Wednesday, October 05, 2011

Recent guest posts

Apart from being a lot of fun (who doesn't enjoy their moment on the soapbox?), writing guest posts is an effective way to reach new people. I've been busy answering interview questions and writing posts on topics close to my heart.

If you have a favourite topic, seek out blogs on the same subject and offer them a guest post. The worst that can happen is they say no. There are plenty of upsides though, for both guest and host. They get free content and extra traffic, and you get a bit of publicity. It's just like one of those symbiotic relationships we had to study in biology.

Some of my recent appearances:

I have a guest post on : Where's all the junior science fiction?

Yesterday I had a guest post on the Boomerang Books website (George Ivanoff's blog) on the importance of editing for self-published writers.

And a week or so back I had a guest post on the Kids Book Review website which explains why I switched from adult to junior fiction.

Several more to come ... stay tuned!

Simon Haynes is the author of the Hal Spacejock and Hal Junior series (Amazon / Smashwords / other formats)


Julia said...

Agreed! Guest posts and interviews are a great way to cross-promote with other authors and sites. I would imagine there's a lot to talk about when it comes to sci-fi, too, especially in the YA and MG markets.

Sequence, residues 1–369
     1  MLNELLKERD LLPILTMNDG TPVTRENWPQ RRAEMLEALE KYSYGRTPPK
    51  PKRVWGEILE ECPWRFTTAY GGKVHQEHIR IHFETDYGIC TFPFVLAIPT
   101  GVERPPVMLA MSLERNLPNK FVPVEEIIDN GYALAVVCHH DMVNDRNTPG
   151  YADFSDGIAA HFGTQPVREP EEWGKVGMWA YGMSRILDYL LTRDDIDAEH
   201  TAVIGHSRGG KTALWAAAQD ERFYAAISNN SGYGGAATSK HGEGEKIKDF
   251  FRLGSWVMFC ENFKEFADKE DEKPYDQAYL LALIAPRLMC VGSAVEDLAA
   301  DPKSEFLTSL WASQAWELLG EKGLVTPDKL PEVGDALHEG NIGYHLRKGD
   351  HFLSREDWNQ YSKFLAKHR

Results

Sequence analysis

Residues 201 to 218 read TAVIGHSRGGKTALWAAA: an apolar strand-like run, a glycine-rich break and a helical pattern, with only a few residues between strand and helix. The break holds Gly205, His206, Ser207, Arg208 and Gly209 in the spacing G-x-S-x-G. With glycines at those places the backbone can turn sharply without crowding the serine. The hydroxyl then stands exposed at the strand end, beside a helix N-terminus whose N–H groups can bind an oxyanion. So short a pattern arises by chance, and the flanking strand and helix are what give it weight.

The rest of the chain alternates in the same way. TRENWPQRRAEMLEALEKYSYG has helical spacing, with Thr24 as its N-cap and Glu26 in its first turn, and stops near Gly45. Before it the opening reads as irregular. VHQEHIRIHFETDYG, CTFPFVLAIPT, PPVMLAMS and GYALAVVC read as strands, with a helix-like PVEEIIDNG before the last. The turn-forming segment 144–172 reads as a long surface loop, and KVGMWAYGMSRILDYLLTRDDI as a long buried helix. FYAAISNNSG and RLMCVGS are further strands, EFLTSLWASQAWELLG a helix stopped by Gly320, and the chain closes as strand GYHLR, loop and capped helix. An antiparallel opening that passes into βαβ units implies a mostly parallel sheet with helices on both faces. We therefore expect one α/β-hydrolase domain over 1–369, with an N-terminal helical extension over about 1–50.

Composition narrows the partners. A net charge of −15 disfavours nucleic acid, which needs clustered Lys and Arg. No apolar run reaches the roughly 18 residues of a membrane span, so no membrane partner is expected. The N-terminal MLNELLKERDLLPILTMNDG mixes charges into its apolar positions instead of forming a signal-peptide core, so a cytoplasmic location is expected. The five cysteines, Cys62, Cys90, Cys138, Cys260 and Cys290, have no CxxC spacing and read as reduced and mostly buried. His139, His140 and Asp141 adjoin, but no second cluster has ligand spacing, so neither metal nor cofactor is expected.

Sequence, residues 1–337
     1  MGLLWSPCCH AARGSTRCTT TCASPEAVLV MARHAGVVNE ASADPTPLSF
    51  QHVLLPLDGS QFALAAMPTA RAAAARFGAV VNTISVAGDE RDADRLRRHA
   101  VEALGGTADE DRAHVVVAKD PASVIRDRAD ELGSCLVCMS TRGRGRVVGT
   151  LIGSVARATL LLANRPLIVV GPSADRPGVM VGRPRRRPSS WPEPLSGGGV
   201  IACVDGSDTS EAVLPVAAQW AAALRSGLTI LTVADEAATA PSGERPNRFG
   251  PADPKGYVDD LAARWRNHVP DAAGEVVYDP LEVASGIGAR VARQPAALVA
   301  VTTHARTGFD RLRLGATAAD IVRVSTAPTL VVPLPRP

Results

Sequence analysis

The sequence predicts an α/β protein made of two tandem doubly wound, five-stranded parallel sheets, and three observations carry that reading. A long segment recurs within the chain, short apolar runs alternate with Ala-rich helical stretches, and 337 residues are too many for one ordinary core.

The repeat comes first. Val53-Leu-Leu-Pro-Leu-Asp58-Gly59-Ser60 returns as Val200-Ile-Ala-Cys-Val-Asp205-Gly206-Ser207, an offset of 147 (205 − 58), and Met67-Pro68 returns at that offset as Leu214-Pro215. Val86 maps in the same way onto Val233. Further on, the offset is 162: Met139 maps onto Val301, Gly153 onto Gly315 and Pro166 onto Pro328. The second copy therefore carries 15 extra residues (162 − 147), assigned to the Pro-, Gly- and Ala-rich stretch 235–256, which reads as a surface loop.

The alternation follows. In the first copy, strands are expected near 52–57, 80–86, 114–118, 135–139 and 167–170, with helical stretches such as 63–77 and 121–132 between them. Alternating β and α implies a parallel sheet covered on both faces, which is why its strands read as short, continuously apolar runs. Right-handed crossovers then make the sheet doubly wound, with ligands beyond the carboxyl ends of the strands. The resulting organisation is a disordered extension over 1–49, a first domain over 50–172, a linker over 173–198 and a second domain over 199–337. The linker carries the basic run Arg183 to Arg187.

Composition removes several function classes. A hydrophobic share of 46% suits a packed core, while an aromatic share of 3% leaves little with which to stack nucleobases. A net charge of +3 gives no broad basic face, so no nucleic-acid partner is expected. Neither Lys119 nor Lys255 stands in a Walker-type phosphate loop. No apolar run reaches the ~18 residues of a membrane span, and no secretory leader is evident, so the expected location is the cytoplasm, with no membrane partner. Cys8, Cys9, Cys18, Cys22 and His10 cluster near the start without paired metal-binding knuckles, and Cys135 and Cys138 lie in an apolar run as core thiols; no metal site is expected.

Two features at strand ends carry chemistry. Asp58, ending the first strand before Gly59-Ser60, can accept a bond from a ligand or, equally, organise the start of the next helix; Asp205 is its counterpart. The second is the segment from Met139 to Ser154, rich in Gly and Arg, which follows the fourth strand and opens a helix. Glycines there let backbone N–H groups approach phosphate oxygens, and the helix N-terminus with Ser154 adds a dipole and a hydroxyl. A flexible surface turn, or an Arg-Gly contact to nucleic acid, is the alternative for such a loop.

In my "other" persona, I write YA fantasy (not the vampire kind). As a fan of sci-fi, I've been surprised it hasn't taken off more in that market. I'm hoping the recent interest in Dystopian will be a bridge from fantasy to more sci-fi.


Simon Haynes said...

Thanks Julia. SF is a genre where kids are supposed to transition directly to adult books after exhausting all the simple titles with big pictures and short sentences.
I've looked at it from both angles, and I haven't worked out whether it's the chicken (publishers) or the egg (authors) at fault. I get the feeling hardly anyone is writing the stuff - maybe because SF isn't their genre in the first place, or maybe if they can write SF they figure they're better off writing for adults, where there's at least some semblance of a market for their work?